Rothenburg ob der Tauber, Germany
This is reflected in its historical architecture, such as the medieval cities that are still present throughout the country today. These towns are often overlooked by tourists, but they offer a fascinating reflection of the rise and fall of medieval Britain and the cast of knights, kings and queens which populated it.
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We take a look at eight of the best. Durham Cathedral, University. The city itself is almost as ancient, comprising the Bailey around the cathedral and castle, whose cobbled, picturesque streets are just the thing for a summer stroll. More Info. Open In Google Maps.
Medieval Cities | work by Pirenne | ixanagub.tk
Durham, United Kingdom. York Shop. York is one of the most beautiful cities in Britain and is well deserving of its place on this list. It has been occupied by everyone from the Romans to the Vikings, and was the capital city of both Northumbria and Jorvik. Home of the Archbishop of York, its Great East Window comprises the largest expanse of medieval stained glass in the world. York, United Kingdom. Chester Zoo.
Famous throughout Britain primarily for its zoo, Chester is a medieval town whose Roman origins are clearly visible in the city walls and amphitheatre that remain today. The city is steeped in history, founded as it was as a Roman fort years ago, and The Rows is the only medieval two-tiered shopping walkway in the world.
15 Medieval Towns in Europe
Chester, United Kingdom. In the s, Richard Devizes wrote of London: 'whatever evil or malicious thing that can be found in any part of the world, you will find it in that one city'. However, at around the same time, William FitzStephen praised it as a place of thrilling spectacles, admirable devotion, and exciting pastimes, including skating and football.
Usage terms Public Domain in most countries other than the UK. Normally enclosed by protective walls, access to medieval towns was regulated through gates.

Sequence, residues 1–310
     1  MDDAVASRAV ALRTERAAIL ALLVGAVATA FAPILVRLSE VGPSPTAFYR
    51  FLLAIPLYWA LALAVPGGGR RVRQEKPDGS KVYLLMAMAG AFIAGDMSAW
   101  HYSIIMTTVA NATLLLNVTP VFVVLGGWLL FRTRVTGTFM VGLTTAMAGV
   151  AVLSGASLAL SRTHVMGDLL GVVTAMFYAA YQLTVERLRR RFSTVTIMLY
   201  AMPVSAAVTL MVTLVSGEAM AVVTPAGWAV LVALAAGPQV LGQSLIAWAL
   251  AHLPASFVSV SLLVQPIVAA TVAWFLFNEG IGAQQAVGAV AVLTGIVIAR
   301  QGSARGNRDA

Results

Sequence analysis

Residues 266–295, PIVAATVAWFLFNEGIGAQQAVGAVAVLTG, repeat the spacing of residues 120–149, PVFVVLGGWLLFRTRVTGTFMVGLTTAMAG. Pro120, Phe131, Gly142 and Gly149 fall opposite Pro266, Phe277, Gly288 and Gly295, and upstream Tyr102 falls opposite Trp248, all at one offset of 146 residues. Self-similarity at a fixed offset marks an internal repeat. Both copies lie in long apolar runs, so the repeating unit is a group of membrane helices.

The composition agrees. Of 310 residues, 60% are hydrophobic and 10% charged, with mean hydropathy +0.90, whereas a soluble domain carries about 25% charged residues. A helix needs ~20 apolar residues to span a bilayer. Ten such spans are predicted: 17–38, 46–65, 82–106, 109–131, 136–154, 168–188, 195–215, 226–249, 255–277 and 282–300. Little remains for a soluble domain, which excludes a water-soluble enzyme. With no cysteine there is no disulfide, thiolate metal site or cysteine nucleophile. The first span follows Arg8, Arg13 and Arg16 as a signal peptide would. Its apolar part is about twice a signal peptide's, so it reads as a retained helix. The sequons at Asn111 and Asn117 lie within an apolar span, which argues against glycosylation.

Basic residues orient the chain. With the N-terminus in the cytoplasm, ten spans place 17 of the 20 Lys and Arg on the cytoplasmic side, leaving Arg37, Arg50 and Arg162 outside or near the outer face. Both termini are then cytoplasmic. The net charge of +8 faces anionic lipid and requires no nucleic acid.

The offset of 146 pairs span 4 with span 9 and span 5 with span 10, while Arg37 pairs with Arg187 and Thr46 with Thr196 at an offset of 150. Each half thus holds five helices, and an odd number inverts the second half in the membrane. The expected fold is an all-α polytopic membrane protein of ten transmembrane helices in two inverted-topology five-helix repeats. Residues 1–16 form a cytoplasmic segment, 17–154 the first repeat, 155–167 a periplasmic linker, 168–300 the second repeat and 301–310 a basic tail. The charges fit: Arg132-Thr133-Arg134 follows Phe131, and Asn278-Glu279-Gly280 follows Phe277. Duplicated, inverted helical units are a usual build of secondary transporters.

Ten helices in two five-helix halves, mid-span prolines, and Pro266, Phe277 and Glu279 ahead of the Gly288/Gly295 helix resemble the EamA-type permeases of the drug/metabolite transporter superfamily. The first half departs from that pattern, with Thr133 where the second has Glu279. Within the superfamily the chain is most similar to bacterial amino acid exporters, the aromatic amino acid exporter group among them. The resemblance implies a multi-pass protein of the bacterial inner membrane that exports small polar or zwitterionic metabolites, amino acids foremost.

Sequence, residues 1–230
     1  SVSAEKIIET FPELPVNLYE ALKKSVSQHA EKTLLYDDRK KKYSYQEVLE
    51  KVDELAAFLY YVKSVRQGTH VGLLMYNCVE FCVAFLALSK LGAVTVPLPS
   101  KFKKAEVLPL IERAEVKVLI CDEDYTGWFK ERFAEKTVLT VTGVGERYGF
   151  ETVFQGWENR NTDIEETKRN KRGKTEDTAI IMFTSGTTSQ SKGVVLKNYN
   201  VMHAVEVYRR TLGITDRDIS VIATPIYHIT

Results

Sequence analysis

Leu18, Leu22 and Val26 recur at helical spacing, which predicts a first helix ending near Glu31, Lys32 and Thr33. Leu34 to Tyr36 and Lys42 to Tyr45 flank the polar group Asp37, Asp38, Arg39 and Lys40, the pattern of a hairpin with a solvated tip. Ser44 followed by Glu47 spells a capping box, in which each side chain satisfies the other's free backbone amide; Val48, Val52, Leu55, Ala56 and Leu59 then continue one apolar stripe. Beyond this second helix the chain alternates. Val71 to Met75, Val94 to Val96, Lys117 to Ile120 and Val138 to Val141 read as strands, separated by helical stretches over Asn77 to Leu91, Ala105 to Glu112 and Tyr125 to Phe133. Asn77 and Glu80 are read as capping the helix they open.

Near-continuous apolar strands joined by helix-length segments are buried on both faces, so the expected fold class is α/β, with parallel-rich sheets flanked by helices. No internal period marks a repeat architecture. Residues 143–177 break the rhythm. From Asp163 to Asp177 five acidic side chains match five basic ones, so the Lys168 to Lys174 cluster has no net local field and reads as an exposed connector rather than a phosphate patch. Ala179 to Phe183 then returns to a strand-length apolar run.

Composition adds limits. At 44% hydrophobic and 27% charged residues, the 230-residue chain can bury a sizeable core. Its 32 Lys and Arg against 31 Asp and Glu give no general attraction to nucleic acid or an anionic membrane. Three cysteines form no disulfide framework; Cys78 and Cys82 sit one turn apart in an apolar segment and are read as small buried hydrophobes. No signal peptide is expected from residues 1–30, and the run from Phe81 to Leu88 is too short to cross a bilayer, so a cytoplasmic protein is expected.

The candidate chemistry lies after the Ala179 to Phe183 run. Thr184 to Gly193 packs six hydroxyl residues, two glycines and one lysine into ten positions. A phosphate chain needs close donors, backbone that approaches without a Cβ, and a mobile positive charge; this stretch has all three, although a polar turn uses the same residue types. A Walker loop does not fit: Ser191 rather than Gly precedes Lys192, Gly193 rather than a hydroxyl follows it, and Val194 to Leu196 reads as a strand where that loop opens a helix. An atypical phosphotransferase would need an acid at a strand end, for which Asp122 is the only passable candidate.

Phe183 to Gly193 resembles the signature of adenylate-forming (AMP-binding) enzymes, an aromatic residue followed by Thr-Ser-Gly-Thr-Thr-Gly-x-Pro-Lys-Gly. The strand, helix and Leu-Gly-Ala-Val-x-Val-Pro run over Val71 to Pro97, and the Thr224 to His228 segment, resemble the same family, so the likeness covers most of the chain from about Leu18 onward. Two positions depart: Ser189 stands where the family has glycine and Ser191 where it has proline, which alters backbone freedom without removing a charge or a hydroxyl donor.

Eze is a medieval town built in the Alps, France
The Luttrell Psalter includes an image of Constantinople that is based on an English town: surrounded with a curtain wall punctuated with towers and arrow slits, the city is crowded with buildings. At the centre is the tall spire of a church. The glamour of the town is suggested by the dancers emerging from one of its gates, watched by admiring ladies. Successful towns were often sited on major roads or waterways, facilitating trade and transport.
Bridges were important points of access to towns, and were often themselves embellished with chapels and buildings. Around , the majority of people in Europe lived in the countryside.
In England, between 10 and 20 percent of the population lived in towns. Around this time, London's population is estimated to have been 60—80, Although unimpressive by today's standards medieval London was something like one percent of today's population , this made it the largest city in England.
After the Black Death in —50, which killed a third or more of the population, the pace of change quickened.
Some towns shrank while others grew rapidly as many peasants relocated to urban centres. Who lived in towns? At the top of the social scale were merchants, lawyers and property owners, who occupied responsible administrative positions. Below them were craftsmen and traders, and at the bottom of the pile were relatively unskilled workers.
Then, as now, towns included a mixture of residential and commercial properties, though often these were one and the same: craftsmen's workshops were often on the ground floor, with the family residence upstairs.